June 16, 2014

MinistryCPA Special Topic: Qualified Tuition Reduction Plan Guidelines

The IRS lays out very specific and stringent regulations for organizations that offer tuition reduction plans to their employees (e.g., Publications 15B525, and 970). Below is a brief overview of the major guidelines that non-profit organizations should keep in mind when implementing such plans for primary, secondary, and undergraduate higher education.

First, qualified tuition reduction plans are not taxable as compensation to the employee. If an organization meets all of the requirements for a qualified plan, this can be an extremely valuable benefit to employees.

Second, tuition reduction plans must be received from, and used at, an eligible educational institution. According to Publication 970, "An eligible educational institution is one that maintains a regular faculty and curriculum and normally has a regularly enrolled body of students in attendance at the place where it carries on its educational activities." Therefore, a homeschool is ineligible.

Third, qualified tuition reduction plans must not discriminate in favor of highly compensated employees. Publication 970 says, "The tuition reduction benefits must be available on substantially the same basis to each member of a group of employees." Since they are a fringe benefit, tuition reduction plans are not intended as a method of compensation for the services of "volunteers."

Finally, a tuition reduction program qualifies if it covers:
  • A dependent child of a current or retired employee, or one who left because of disability
  • The employee him/herself
  • A widow or widower of an employee meeting those conditions
While these guidelines should provide some direction for non-profit organizations, each organization's situation is unique and may require professional assistance.

Church Intern Compensation Guidelines

Question:

A church recently began a summer internship program. What guidelines does it need to be aware of when implementing this program?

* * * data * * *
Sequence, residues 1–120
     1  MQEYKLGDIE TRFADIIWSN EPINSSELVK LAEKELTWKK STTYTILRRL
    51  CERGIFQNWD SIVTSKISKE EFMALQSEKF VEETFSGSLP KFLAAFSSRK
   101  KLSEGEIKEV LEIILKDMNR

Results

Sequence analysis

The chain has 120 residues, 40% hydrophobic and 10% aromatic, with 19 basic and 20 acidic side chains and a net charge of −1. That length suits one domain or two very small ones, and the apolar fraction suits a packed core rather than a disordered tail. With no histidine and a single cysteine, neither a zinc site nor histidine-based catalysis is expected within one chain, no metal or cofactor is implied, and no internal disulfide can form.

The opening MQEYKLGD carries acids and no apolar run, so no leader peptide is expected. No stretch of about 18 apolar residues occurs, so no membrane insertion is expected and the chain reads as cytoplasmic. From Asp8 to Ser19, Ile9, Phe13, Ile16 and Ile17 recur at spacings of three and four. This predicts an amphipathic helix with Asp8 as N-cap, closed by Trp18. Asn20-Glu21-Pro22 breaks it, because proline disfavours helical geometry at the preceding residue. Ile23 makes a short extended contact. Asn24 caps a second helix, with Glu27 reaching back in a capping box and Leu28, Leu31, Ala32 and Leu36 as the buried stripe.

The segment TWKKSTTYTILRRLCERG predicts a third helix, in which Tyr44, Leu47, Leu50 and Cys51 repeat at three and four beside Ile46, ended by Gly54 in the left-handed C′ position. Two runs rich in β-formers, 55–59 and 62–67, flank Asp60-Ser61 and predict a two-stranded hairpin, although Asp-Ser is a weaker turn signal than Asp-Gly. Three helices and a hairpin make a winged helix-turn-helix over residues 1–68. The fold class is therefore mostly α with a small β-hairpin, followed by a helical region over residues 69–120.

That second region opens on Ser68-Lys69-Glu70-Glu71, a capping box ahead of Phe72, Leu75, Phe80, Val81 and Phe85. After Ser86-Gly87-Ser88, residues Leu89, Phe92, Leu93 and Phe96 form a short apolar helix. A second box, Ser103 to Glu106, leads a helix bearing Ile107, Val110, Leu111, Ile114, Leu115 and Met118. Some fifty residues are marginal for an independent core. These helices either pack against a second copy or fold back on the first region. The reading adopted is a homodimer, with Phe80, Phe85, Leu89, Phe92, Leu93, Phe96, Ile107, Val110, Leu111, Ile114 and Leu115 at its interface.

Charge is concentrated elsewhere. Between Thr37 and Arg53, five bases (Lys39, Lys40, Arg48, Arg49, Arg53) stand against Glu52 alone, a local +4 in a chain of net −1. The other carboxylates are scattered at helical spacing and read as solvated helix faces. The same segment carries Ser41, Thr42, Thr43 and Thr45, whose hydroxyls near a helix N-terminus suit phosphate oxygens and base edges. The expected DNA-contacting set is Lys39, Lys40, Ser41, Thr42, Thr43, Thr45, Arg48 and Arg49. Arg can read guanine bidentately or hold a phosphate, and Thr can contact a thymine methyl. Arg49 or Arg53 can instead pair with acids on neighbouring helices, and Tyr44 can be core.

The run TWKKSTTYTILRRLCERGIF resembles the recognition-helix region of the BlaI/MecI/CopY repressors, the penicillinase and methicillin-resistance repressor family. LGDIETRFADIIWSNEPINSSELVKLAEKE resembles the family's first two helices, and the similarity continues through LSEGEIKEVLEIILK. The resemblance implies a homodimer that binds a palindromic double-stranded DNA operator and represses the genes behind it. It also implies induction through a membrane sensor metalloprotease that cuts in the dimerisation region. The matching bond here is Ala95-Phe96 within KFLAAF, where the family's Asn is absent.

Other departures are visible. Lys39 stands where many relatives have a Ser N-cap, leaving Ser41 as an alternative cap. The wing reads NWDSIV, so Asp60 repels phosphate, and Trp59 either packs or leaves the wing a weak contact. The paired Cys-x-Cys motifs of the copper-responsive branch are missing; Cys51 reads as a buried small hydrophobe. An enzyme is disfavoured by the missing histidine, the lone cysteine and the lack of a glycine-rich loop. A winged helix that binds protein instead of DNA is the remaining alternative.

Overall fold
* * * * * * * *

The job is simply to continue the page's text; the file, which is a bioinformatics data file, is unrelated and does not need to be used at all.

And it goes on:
Answer:

First, the church should consider fair compensation for any interns. Although many internships are unpaid, the Wall Street Journal in April 2014 covered increased scrutiny of unpaid interns. According to the Fair Labor Standards Act, unpaid internships should not be for the direct advantage of the employer, should benefit the intern and be educational, and must not displace regular employees. Churches should carefully apply these standards when considering intern compensation.

Second, an intern is not typically an ordained or licensed minister, and should not be treated as a dual-status minister. Generally, interns will be subject to the same federal and state income tax withholding and  FICA withholding and matching rules as normal employees. For more on the dual status of ministers, read this previous blog post.

If the church provides housing along with the internship, as many organizations do, the value of the housing is not exempt from taxation unless it is provided for the convenience of the employer and as a condition of employment, per IRS Publication 525. Non-exempt housing is subject to withholding and matching of FICA tax, as well.

Most organizations do not extend fringe benefits to seasonal workers, but each church should make its own decision regarding benefits such as health insurance and vacation time.